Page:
- not be conducted in a manner that either causes or has the potential to cause harm, including bruising or marks,
- not be used out of frustration, loss of temper, or because of the caregiver's abusive personality,
- not be conducted with objects, like belts or rulers,
- not hit the child on the head
- not be done in a manner that is otherwise degrading, inhumane, or harmful, and
- not be used against children with disabilities that make them incapable of appreciating the punishment.
Section 7 protects individuals from violation of their personal security. McLachlin found that there was no violation of the section. The Crown had conceded that the law adversely affected the child's security of person, so the issue was whether the violation offended a principle of fundamental justice. The Foundation proposed three claims as mentioned above. McLachlin rejected the first claim that it failed to give procedural protection as children receive all the same protection as anyone else. On the second claim, she rejected that the "best interests of the child" is a principle of fundamental justice as there is no "consensus that it is vital or fundamental to our societal notion of justice".
On the third, she rejected the claim that the law is vague and overbroad on grounds that the law "delineates a risk zone for criminal sanction". She examined the meaning of "reasonable under the circumstances" stating that it included only "minor corrective force of a transitory and trifling nature", but it did not include "corporal punishment of children under two or teenagers", or "degrading, inhuman or harmful conduct" such as "discipline by the use of objects", "blows or slaps to the head" or acts of anger. The test is purely objective, McLachlin claimed.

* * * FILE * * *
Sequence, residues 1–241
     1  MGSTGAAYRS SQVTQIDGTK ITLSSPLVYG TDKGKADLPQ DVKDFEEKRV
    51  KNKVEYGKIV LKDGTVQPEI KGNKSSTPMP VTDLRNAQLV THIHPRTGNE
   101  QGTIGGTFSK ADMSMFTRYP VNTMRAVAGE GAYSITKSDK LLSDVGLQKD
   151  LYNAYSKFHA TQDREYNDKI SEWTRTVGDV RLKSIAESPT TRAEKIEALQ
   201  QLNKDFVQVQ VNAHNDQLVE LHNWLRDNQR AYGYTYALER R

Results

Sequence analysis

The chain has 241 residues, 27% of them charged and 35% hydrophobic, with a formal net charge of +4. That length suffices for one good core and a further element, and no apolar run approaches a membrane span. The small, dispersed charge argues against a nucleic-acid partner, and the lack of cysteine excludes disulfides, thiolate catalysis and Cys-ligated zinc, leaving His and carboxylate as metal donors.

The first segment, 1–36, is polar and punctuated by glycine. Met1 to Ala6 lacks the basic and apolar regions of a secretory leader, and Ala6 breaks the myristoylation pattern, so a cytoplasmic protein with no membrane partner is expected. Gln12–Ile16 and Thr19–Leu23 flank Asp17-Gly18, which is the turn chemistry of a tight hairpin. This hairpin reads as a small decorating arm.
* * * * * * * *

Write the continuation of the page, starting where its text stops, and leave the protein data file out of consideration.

Section 12 prevents "cruel and unusual punishment". Citing the standard of showing cruel and unusual punishment from R. v. Smith  1 S.C.R. 1045 as "so excessive as to outrage standards of decency", McLachlin rejected the claim as the section only permits "corrective force that is reasonable" and thus cannot be excessive by definition.
Section 15(1) is the equality guarantee that protects individuals from discrimination. McLachlin examined the claim using the analytical framework from Law v. Canada.
When identifying from whose perspective the analysis must be, McLachlin noted that rather than take the perspective of a young child, which would prove too difficult, it must be viewed from the perspective of a "reasonable person acting on behalf of a child" and apprised of the law.
McLachlin said that the claim hinges on demonstrating the lack of "correspondence between the distinction and the claimant's characteristics or circumstances" (the second contextual factor from the Law v. Canada test). On this point she acknowledged that children need to be protected, and in furtherance of this goal parents and teachers require protection as well. Section 43 decriminalizes "only minimal force of transient or trivial impact" and to remove such protection would be dangerous as it would criminalize acts such as "placing an unwilling child in a chair for a five-minute 'time-out'" which would risk destroying the family.
- Full text of Supreme Court of Canada decision available at LexUM and CanLII
- Parliament publication on section 43 of the Criminal Code Archived 2007-07-03 at the Wayback Machine
- SCC Case Information - Docket 29113 Supreme Court of Canada